With the goal of registering dynamic synthetic imagery onto the real world, Ivan Sutherland envisioned a fundamental idea to combine digital displays with conventional optical components in a wearable fashion. Since then, various new advancements in the display engineering domain, and a broader understanding in the vision science domain have led us to computational displays for virtual reality and augmented reality applications. Today, such displays promise a more realistic and comfortable experience through techniques such as lightfield displays, holographic displays, always-in-focus displays, multiplane displays, and varifocal displays. In this talk, as an Nvidian, I will be presenting our new optical layouts for see-through computational near-eye displays that is simple, compact, varifocal, and provides a wide field of view with clear peripheral vision and large eyebox. Key to our efforts so far contain novel see-through rear-projection holographic screens, and deformable mirror membranes. We establish fundamental trade-offs between the quantitative parameters of resolution, field of view, and the form-factor of our designs; opening an intriguing avenue for future work on accommodation-supporting augmented reality display.

Date and Time: 
Wednesday, November 15, 2017 - 4:30pm
Venue: 
Packard 101

SCIEN & EE292E seminar: Interactive 3D Digital Humans

Topic: 
Interactive 3D Digital Humans
Abstract / Description: 

This talk will cover recent methods for recording and displaying interactive life-sized digital humans using the ICT Light Stage, natural language interfaces, and automultiscopic 3D displays. We will then discuss the first full application of this technology to preserve the experience of in-person interactions with Holocaust survivors

More Information: http://gl.ict.usc.edu/Research/TimeOffsetConversations/


The SCIEN Colloquia are open to the public. The talks are also videotaped and posted the following week on talks.stanford.edu.

There will a reception following the presentation.

Date and Time: 
Wednesday, November 8, 2017 - 4:30pm
Venue: 
Packard 101

SCIEN Talk: Mapping molecular orientation using polarized light microscopy

Topic:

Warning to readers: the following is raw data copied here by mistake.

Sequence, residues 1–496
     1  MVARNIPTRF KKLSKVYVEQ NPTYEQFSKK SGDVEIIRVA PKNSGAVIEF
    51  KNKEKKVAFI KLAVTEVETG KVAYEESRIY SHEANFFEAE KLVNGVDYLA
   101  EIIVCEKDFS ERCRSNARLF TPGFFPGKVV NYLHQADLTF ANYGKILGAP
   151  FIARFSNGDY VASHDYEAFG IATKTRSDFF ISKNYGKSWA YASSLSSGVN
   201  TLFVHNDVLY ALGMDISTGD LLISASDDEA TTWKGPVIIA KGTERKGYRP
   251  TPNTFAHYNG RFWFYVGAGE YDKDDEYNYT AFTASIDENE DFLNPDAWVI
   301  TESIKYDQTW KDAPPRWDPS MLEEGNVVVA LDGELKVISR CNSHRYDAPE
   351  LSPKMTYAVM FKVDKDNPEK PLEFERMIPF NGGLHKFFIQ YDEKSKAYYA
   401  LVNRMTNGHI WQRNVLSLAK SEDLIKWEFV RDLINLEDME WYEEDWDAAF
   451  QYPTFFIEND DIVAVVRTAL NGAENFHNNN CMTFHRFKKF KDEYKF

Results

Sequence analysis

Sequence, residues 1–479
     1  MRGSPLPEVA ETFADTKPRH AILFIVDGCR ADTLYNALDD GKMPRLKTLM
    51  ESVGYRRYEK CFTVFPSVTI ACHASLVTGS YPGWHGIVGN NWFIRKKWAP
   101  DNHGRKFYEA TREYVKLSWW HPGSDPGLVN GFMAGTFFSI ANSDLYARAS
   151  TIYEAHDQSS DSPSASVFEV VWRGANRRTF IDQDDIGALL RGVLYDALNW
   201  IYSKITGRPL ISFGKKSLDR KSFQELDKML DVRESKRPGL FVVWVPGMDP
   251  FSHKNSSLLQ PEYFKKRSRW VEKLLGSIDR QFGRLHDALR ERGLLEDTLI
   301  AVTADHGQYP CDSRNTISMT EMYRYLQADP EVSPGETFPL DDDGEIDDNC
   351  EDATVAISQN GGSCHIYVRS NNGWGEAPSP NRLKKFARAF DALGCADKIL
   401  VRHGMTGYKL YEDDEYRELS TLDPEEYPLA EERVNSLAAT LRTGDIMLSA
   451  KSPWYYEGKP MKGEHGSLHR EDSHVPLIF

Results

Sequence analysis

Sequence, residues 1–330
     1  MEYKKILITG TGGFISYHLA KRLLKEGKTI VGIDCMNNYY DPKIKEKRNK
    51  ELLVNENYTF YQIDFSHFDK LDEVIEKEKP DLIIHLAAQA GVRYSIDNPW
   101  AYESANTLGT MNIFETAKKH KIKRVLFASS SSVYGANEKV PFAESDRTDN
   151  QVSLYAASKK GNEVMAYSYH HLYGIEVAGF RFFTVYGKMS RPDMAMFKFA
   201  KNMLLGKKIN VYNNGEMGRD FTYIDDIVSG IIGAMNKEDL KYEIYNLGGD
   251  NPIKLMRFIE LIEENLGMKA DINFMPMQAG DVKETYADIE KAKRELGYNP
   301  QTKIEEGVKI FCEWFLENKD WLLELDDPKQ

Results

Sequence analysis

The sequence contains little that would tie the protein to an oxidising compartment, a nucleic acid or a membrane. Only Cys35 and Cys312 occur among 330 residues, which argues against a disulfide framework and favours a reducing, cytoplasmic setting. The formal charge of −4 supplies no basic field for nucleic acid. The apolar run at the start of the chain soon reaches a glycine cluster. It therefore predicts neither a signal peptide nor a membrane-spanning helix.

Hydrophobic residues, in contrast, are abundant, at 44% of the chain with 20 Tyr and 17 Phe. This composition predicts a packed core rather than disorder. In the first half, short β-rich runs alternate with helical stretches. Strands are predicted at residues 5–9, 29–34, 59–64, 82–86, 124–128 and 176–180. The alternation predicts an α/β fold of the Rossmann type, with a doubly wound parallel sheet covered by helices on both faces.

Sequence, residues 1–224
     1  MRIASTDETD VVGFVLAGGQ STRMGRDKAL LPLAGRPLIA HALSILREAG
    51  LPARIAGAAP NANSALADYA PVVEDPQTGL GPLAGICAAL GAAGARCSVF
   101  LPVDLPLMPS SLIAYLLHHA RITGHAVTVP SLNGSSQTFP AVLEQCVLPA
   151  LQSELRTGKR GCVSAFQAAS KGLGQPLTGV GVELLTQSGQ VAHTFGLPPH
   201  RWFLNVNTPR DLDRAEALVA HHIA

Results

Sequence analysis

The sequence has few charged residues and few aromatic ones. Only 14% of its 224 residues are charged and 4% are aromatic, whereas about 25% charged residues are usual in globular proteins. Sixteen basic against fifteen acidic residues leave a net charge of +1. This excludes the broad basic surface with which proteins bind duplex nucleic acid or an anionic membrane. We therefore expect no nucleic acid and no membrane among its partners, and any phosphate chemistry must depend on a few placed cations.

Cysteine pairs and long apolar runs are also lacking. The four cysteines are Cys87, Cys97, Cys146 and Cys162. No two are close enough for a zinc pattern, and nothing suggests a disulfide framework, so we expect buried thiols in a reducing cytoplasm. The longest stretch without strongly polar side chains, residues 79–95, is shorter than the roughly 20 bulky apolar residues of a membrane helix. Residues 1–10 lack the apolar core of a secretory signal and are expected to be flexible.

Mapping molecular orientation using polarized light microscopy
Abstract / Description: 

Polarization is a basic property of light, but the human eye is not sensitive to it. Therefore, we don't have an intuitive understanding of polarization and of optical phenomena that are based on it. They either elude us, like the polarization of the blue sky or the rainbow, or they puzzle us, like the effect of Polaroid sunglasses. Meanwhile, polarized light plays an important role in nature and can be used to manipulate and analyze molecular order in materials, including living cells, tissues, and whole organisms, by observation with the polarized light microscope.

In this seminar, Rudolf Oldenbourg will first illustrate the nature of polarized light and its interaction with aligned materials using hands-on demonstrations. He will then introduce a modern version of the polarized light microscope, the LC-PolScope, created at the MBL. Enhanced by liquid crystal devices, electronic imaging, and digital image processing techniques, the LC-PolScope reveals and measures the orientation of molecules in every resolved specimen point at once. In recent years, his lab expanded the LC-PolScope technique to include the measurement of polarized fluorescence of GFP and other fluorescent molecules, and applied it to record the remarkable choreography of septin proteins during cell division, displayed in yeast to mammalian cells.

Talon Chandler will then discuss extending polarized light techniques to multi-view microscopes, including light sheet and light field microscopes. In contrast to traditional, single-view microscopy, the recording of specimen images along two or more viewing directions allows us to unambiguously measure the three dimensional orientation of molecules and their aggregates. Chandler will discuss ongoing work on optimizing the design and reconstruction algorithms for multi-view polarized light microscopy.


The SCIEN Colloquia are open to the public. The talks are also videotaped and posted the following week on talks.stanford.edu.

There will a reception following the presentation.

Date and Time: 
Wednesday, November 1, 2017 - 4:30pm
Venue: 
Packard 101